# Surjection

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In mathematics, a function *f* is said to be **surjective** if and only if its values span its whole codomain; that is, for every *y* in the codomain, there is at least one *x* in the domain such that *f*(*x*) = *y*.

Said another way, a function *f*: *X* → *Y* is surjective if and only if its range *f*(*X*) is equal to its codomain *Y*. A surjective function is called a **surjection**, and said to be **onto**.

## Examples and counterexamples

- For any set
*X*, the identity function id_{X}on*X*is surjective. - The function
*f*:**R**→**R**defined by

*f*(*x*) = 2*x* + 1 is surjective, because for every real number *y* we have *f*(*x*) = *y* where *x* is (*y* - 1)/2.

- The natural logarithm function ln: (0..+∞) →
**R**is surjective. - The function
*g*:**R**→**R**defined by*g*(*x*) =*x*² is*not*surjective, because (for example) there is no real number*x*such that*x*² = −1. However, if the codomain is defined as [0,+∞), then*g*is surjective. - The function
*f*:**Z**→**{0,1,2,3}**defined by

*f*(*x*) = *x* **mod** 4 is surjective.

## Properties

- A function
*f*:*X*→*Y*is surjective if and only if there exists a function*g*:*Y*→*X*such that*f*o*g*equals the identity function on*Y*. (This statement is equivalent to the axiom of choice.) - If
*f*and*g*are both surjective, then*f*o*g*is surjective.

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- If
*f*o*g*is surjective, then*f*is surjective (but*g*maynot be). *f*:*X*→*Y*is surjective if and only if, given any functions*g*,*h*:*Y*→*Z*, whenever*g*o*f*=*h*o*f*, then*g*=*h*. In other words, surjective functions are precisely the epimorphisms in the category**Set**of sets.- If
*f*:*X*→*Y*is surjective and*B*is a subset of*Y*, then*f*(*f*^{ −1}(*B*)) =*B*. Thus,*B*can be recovered from its preimage*f*^{ −1}(*B*). - Every function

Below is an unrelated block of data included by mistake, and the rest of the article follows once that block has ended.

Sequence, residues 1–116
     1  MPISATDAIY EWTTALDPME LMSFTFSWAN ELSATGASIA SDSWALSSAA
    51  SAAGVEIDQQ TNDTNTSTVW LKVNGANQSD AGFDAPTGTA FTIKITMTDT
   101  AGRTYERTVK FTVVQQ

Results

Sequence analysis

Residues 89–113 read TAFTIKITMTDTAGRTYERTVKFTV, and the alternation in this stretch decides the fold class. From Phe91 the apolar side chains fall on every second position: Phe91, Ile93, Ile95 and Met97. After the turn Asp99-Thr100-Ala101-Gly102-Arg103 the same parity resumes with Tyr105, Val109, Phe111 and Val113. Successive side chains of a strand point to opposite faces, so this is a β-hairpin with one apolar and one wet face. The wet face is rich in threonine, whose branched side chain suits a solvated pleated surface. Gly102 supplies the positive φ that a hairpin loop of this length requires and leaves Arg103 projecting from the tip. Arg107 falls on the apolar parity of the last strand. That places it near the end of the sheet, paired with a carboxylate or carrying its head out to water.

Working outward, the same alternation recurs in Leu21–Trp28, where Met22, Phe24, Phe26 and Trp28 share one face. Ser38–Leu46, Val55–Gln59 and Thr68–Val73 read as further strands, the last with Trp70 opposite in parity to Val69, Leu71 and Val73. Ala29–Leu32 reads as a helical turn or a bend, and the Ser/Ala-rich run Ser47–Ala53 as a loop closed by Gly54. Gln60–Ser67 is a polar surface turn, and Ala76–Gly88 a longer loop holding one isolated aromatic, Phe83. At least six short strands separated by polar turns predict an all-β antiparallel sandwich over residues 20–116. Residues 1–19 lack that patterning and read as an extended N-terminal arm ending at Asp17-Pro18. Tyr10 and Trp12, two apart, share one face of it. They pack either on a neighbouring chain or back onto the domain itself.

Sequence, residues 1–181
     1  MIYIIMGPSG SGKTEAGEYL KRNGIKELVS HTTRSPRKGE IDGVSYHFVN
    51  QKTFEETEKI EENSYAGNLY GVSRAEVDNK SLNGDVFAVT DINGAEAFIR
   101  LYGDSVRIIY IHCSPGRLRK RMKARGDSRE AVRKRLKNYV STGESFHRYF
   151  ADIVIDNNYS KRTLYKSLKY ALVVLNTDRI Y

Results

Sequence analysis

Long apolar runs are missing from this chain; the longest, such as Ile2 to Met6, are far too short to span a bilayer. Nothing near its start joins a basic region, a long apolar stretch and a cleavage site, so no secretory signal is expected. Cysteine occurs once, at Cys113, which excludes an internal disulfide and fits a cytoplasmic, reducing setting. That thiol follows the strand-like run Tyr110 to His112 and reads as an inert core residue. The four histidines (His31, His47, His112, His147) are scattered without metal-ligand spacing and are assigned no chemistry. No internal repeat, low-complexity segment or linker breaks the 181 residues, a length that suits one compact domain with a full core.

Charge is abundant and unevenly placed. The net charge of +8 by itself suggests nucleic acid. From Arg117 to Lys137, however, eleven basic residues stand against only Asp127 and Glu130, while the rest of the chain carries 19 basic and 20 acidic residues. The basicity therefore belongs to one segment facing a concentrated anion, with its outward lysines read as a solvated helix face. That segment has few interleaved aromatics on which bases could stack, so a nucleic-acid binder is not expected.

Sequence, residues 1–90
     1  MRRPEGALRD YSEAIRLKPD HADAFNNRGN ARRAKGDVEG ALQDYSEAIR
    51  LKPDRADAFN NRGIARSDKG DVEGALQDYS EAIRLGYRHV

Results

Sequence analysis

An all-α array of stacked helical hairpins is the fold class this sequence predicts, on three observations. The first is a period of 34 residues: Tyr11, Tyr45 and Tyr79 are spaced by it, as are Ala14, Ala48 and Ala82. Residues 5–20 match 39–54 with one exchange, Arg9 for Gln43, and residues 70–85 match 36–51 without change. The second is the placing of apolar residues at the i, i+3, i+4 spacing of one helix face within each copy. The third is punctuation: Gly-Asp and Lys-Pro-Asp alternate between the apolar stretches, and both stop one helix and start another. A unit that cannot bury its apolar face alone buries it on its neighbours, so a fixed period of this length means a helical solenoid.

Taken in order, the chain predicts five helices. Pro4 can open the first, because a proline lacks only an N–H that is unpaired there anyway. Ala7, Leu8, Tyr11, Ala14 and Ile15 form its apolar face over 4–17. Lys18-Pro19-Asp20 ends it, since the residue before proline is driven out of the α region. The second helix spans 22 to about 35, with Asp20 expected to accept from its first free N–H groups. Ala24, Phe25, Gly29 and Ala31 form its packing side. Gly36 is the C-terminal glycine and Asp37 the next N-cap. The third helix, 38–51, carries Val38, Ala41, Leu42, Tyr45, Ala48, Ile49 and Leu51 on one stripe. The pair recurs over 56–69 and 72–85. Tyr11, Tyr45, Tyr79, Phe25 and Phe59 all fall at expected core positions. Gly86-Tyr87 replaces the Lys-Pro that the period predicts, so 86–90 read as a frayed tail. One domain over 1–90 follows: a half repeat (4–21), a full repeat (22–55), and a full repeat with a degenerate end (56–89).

*h*:*X*→*Z*can be decomposed as*h*=*g*o*f*for a suitable surjection*f*and injective function*g*. This decomposition is unique up to isomorphism, and*f*may be thought of as a function with the same values as*h*but with its codomain restricted to the range*h*(*W*) of*h*, which is only a subset of the codomain*Z*of*h*. - By collapsing all arguments mapping to a given fixed image, every surjection induces a bijection defined on a quotient of its domain. More precisely, every surjection
*f*:*A*→*B*can be factored as a projection followed by a bijection as follows. Let*A*/~ be the equivalence classes of*A*under the following equivalence relation:*x*~*y*if and only if*f*(*x*) =*f*(*y*). Equivalently,*A*/~ is the set of all preimages under*f*. Let*P*(~) :*A*→*A*/~ be the projection map which sends each*x*in*A*to its equivalence class [*x*]_{~}, and let*f*_{P}:*A*/~ →*B*be the well-defined function given by*f*_{P}([*x*]_{~}) =*f*(*x*). Then*f*=*f*_{P}o*P*(~). - If
*f*:*X*→*Y*is a surjective function, then*X*has at least as many elements as*Y*, in the sense of cardinal numbers. - If both
*X*and*Y*are finite with the same number of elements, then*f*:*X*→*Y*is surjective if and only if*f*is injective.

## See also

## Category theory view

In the language of category theory, surjective functions are precisely the epimorphisms in the category of sets.